Students apply classroom training to engage, serve downtown Phoenix neighbors
Through ASU Community Collaborative, Westward Ho residents enjoy health-related, social activities ‘at the speed of trust’
Social work and community health care aren’t provided impersonally. The functions involve serving people where they are, especially when those doing the serving are a part of the same neighborhood.
By working at the Arizona State University Community Collaborative, students engage with residents of the former Westward Ho hotel, just off the Downtown Phoenix campus, through several health-related and social activities.
They include counseling, community assistance and referrals, opportunities for educational and cultural enrichment, music therapy, help with learning technology, health promotion programs, nutrition education and supplemental food provision, as well as generally increasing residents’ connections to one another.
The approximately 300 seniors and individuals with disabilities living at the 16-story historic Westward Ho, built in 1928 and today a subsidized residential facility, are receiving services from students who attend classes and live in residence halls a block or two away.
“A lot of times, what I say to my students is that we have an opportunity to interact with their neighbors in this iconic building,” said Kelly Ramella, program coordinator at the collaborative and an associate clinical professor in the School of Community Resources and Development.
“They look out their classroom window at this building and wonder who is inside. Then they get to go over there and get to meet the people. It’s a springboard for what they are going to do with their careers,” said Ramella, program lead with the the school's recreation therapy program and a member of the interprofessional team of faculty and staff who have made the hands-on learning experiences possible for students.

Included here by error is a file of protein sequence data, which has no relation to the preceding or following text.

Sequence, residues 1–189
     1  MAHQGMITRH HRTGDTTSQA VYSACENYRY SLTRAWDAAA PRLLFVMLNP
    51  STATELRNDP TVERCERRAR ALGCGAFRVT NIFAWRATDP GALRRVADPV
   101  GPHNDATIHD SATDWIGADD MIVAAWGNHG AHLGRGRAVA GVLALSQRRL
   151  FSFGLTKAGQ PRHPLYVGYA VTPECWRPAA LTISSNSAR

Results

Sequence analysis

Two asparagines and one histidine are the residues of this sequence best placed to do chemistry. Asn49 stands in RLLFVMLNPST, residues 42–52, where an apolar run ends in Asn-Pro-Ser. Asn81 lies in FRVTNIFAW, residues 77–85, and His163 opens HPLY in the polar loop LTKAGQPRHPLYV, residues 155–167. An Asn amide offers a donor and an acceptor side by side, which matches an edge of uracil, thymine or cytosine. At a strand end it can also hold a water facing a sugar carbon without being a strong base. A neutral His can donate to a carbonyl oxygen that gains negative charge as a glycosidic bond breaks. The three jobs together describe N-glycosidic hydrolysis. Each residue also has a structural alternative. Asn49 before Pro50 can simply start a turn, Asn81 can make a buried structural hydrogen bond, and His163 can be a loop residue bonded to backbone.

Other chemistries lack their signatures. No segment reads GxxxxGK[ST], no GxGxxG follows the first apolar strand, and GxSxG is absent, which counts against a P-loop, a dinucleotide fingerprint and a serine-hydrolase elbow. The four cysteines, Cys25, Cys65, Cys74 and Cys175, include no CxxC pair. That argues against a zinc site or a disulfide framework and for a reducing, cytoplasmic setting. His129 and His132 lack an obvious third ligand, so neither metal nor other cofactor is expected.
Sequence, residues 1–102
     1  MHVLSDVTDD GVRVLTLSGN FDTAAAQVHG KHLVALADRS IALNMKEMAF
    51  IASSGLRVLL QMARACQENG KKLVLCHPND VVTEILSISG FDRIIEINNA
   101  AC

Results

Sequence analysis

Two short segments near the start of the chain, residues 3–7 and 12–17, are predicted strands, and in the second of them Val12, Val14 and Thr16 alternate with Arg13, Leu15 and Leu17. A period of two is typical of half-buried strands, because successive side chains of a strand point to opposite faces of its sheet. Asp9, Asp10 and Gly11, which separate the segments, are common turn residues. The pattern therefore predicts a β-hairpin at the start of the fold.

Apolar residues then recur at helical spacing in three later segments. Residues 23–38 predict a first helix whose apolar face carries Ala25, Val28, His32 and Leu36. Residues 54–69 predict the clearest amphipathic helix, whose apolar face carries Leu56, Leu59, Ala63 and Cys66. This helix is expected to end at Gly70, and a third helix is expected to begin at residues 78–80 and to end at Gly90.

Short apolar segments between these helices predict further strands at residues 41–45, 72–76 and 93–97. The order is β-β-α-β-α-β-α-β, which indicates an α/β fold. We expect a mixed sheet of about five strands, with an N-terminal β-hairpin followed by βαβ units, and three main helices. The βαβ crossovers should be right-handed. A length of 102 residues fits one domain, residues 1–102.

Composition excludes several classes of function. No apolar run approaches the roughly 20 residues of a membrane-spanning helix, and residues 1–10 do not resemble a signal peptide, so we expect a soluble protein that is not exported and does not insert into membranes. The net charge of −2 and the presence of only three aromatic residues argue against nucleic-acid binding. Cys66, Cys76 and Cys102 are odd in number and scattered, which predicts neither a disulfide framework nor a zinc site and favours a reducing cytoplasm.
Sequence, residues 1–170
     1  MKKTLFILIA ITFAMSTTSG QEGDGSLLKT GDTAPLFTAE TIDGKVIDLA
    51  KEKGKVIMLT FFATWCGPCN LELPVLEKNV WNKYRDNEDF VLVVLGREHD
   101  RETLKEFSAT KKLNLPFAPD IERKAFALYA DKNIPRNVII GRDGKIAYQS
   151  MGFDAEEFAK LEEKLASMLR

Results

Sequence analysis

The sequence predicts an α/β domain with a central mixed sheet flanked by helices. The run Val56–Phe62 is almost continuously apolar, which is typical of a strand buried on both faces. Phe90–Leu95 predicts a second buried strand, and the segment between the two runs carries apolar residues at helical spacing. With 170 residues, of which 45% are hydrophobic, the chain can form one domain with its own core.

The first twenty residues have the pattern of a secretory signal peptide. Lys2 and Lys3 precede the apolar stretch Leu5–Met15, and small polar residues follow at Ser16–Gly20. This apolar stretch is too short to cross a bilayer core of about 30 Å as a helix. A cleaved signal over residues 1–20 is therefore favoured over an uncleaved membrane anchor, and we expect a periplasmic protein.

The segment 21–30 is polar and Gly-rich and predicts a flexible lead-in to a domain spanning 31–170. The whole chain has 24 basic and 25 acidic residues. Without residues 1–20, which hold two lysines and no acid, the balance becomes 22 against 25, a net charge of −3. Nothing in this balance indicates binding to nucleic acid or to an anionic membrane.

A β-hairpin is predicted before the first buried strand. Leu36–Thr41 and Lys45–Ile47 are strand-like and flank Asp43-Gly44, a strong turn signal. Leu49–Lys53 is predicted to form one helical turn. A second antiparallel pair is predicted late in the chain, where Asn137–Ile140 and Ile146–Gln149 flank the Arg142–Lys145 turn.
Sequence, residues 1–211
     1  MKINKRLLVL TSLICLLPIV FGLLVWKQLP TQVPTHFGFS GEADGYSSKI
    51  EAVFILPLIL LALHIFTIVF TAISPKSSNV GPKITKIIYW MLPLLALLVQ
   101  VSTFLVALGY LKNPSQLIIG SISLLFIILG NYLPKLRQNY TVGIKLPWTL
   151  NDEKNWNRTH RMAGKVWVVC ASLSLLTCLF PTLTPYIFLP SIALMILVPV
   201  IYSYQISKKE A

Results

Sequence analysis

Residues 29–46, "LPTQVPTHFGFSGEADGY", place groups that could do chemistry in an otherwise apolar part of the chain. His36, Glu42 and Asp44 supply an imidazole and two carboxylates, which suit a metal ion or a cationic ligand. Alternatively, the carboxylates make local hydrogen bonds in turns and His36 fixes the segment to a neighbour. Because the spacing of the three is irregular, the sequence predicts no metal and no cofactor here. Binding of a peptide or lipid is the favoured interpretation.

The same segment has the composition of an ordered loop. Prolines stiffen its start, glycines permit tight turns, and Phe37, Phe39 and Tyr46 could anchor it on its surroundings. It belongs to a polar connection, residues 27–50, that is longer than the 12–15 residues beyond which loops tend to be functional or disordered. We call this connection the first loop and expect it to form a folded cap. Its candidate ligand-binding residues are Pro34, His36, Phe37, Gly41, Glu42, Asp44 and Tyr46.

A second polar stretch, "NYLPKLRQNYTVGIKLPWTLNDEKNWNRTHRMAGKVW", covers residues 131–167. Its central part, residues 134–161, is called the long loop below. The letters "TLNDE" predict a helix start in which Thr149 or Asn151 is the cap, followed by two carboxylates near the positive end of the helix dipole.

“I have former students who were part of the collaborative years ago who still talk about it,” Ramella said.
Students and residents see each other in grocery stores and other neighborhood gathering places, Ramella said, breaking down an invisible line between the university and the community.
One undergraduate student said she will always remember her experience working with the people who live at the Westward Ho.
“I will always have a special place in my heart for the Westward Ho. This place became my first recreation therapy home by providing a safe and supporting space for me and my peers to practice,” said Nicole Megran, who is studying recreation therapy.
“One of my favorite anecdotes from the Westward Ho was creating a Hawaiian themed event, in which the residents had the opportunity to enjoy a day of activities, games, music and food with other residents, with the goal of promoting better quality of life, leisure education, a sense of community and belonging, and overall happiness,” she said.
Megran said she believes work with the residents provides great value to recreation therapy students who want hands-on experience creating, leading and collaborating with others.
“It’s a chance to make meaningful, accessible and adaptable programs for the residents of the Westward Ho community,” she said.